The BNP Paribas Open, the near-major tennis tournament set to begin this week in the California desert, won't be played as scheduled after a case of coronavirus was confirmed in the Coachella Valley.

It's the largest US sporting event to be called off over concerns about the spread of the disease.

The announcement came Sunday night (US time) after many players were already in the desert practising. Qualifying matches were to begin on Monday with the women's main draw matches starting on Wednesday and the men's draw beginning on Thursday.

"We're here and still deciding what's next," tweeted Rafael Nadal, the world's second-ranked player. "So sad for all that is happening around the world with this situation. Hopefully soon solutions from the authorities. Stay all well and safe."

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Several players took to social media to claim they hadn't been informed of the cancellation, instead forced to find out online themselves.

Sorana Cirstea and Kirsten Flipkens were among those frustrated voices. An hour before the decision was made, Flipkens wrote: "We know nothing so far."

When the cancellation was confirmed, she tweeted "what the f***?!?!?!" before openly criticising the WTA.

The Riverside County Public Health Department declared a public health emergency for the desert cities 177km east of Los Angeles, including Indian Wells where the ATP and WTA tours were to play the two-week tournament.

Governor Gavin Newsom has declared a state of emergency. California has reported 114 cases of the virus.

"There is too great a risk, at this time, to the public health of the Riverside County area in holding a large gathering of this size," Dr David Agus, professor of medicine and biomedical engineering at the University of Southern California, said on Sunday. "It is not in the public interest of fans, players and neighbouring areas for this tournament to proceed. We all have to join together to protect the community from the coronavirus outbreak."

The event typically draws upwards of 450,000 fans. It is commonly referred to as the "fifth slam" because of its popularity among the players and its stature, ranking points and over $27 million (US$17m) in prize money that place it one rung below tennis' four Grand Slam tournaments. This year's field included Nadal, Novak Djokovic, Serena Williams, Naomi Osaka and Coco Gauff. Kim Clijsters was set to continue her comeback at the event.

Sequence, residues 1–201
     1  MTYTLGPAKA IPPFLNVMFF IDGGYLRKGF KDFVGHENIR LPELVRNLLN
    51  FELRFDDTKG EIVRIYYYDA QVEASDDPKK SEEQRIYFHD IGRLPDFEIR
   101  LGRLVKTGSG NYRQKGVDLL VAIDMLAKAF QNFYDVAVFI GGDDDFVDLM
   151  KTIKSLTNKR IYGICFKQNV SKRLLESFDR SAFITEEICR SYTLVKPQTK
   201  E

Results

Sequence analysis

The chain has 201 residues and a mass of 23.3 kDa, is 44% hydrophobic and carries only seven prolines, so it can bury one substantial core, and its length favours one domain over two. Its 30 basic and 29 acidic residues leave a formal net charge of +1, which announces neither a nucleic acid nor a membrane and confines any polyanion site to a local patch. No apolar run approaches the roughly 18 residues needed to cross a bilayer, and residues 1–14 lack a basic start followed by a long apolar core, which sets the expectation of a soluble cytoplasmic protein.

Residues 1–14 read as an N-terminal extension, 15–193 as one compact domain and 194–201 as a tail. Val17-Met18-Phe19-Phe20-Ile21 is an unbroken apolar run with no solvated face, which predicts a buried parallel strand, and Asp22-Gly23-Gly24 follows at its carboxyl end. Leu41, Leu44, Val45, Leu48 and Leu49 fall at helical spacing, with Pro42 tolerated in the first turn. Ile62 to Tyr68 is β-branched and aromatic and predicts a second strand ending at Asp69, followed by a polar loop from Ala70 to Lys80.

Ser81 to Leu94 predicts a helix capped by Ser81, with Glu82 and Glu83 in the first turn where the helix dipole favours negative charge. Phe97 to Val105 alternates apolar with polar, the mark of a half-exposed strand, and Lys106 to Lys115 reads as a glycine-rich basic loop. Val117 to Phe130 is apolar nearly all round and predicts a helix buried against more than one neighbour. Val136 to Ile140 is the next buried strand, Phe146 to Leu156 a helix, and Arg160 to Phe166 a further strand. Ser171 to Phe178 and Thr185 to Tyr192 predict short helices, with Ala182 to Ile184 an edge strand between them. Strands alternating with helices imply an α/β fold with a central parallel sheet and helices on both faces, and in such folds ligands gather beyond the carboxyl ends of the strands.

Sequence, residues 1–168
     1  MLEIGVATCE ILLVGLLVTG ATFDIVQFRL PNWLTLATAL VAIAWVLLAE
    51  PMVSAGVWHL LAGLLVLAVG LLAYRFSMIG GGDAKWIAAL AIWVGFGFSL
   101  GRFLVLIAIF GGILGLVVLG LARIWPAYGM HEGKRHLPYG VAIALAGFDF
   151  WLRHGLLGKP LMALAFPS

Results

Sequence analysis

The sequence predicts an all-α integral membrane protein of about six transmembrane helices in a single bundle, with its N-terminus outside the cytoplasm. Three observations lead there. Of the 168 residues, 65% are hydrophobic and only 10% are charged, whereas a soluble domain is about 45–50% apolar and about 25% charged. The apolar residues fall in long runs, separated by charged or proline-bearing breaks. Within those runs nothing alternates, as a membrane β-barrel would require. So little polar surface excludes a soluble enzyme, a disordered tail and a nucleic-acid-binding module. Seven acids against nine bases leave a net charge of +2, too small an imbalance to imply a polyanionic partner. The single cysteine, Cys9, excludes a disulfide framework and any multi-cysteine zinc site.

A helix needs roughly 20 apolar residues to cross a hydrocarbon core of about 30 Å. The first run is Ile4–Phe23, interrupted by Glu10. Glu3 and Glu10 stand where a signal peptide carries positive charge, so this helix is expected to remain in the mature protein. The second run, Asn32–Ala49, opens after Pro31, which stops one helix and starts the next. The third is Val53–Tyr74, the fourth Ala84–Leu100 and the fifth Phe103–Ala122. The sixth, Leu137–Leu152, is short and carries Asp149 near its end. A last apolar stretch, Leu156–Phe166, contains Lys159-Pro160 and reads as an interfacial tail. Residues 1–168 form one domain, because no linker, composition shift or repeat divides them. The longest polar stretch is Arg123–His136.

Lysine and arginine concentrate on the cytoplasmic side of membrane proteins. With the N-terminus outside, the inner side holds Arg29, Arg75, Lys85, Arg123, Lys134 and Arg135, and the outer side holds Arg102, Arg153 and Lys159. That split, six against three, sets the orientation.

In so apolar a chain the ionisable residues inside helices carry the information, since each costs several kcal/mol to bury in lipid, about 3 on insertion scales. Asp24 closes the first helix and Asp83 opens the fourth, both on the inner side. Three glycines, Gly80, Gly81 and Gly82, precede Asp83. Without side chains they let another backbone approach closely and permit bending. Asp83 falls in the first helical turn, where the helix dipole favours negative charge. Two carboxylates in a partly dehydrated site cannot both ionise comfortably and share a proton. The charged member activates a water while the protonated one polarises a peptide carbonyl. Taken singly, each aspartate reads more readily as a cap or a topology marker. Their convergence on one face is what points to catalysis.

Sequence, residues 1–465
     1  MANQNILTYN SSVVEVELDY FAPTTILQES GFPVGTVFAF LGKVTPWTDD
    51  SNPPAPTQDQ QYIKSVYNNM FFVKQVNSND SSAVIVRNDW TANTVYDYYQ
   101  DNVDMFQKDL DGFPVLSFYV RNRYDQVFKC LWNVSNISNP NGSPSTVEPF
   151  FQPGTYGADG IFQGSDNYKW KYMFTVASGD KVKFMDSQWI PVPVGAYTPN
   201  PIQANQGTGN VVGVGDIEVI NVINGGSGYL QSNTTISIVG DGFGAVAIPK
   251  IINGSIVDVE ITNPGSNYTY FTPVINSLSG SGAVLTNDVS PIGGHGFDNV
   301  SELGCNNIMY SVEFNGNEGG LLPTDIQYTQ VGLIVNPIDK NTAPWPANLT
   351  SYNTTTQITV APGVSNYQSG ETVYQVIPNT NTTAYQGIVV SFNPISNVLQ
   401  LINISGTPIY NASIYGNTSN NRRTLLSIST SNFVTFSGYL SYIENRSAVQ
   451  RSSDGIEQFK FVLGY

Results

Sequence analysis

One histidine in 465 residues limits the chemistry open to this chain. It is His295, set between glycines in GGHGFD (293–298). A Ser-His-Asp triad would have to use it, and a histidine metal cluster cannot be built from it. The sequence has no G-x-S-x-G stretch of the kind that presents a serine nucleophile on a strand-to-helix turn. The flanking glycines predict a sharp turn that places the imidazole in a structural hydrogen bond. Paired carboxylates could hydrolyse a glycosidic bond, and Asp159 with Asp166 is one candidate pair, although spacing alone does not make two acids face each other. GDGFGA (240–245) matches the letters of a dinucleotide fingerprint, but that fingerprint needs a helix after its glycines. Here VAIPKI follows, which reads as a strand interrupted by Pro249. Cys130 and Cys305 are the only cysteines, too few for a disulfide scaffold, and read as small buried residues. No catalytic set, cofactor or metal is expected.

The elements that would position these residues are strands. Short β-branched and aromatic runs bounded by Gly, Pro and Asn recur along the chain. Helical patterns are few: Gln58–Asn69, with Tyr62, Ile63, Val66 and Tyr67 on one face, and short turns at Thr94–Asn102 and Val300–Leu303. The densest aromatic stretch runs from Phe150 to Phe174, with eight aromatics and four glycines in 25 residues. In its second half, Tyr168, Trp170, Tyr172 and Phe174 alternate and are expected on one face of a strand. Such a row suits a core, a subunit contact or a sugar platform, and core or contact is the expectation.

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"So sad to hear the news about the postponing of @BNPPARIASOPEN," Gauff tweeted. "I was so excited to make my debut in IW, but safety is always the No. 1 priority. Stay safe."

Tournament director Tommy Haas said organisers are prepared to play the event on different dates and will explore options. However, the pro tennis calendar is tightly scheduled and the summer months in the desert are notoriously hot.

"We are very disappointed that the tournament will not take place, but the health and safety of the local community, fans, players, volunteers, sponsors, employees, vendors, and everyone involved with the event is of paramount importance," Haas said in a statement.

Already some smaller tennis events in China and Italy - the two countries hardest hit by the virus - had been affected. The Miami Open, which follows Indian Wells later this month, could be in jeopardy. The Ultra music festival in that city has already been cancelled. The year's second Grand Slam tournament, the French Open, is set to be played in Paris in May.

Refunds for this year's event or a credit toward next year's tournament are being offered.

Meanwhile, a charity event featuring Nadal set for Tuesday night at Indian Wells Tennis Garden has also been cancelled, tournament spokesman Matt Van Tuinen said.

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Nadal was set to be joined by defending BNP Paribas Open champion Dominic Thiem, Daniil Medvedev, Matteo Berrettini, Stan Wawrinka, Milos Raonic and American Taylor Fritz for the Eisenhower Cup, a $235,560 (US$150,000) winner-takes-all event.

Earlier in the week, officials had announced several measures to protect players, fans and staff at the tennis tournament.

Ball kids were going to have to wear gloves and not touch the towels of players on the court. Organised player and fan interaction was also going to be limited at the tournament. Besides ball kids, restaurant and food supply workers were going to wear gloves as well as volunteers taking tickets at entrances. Over 250 hand-sanitising stations were set up throughout the venue.

Other major sports and entertainment events in the desert are scheduled for next month.

The LPGA Tour is to play the first women's golf major of the year, the ANA Inspiration, on April 2-5 in Rancho Mirage.

The Coachella Valley Music and Arts Festival in nearby Indio is set for April 10-12 and April 17-19. It typically draws 250,000 people over two weekends. The Stagecoach Festival, featuring country music, is scheduled for April 24-26 at the same Indio venue.

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- AP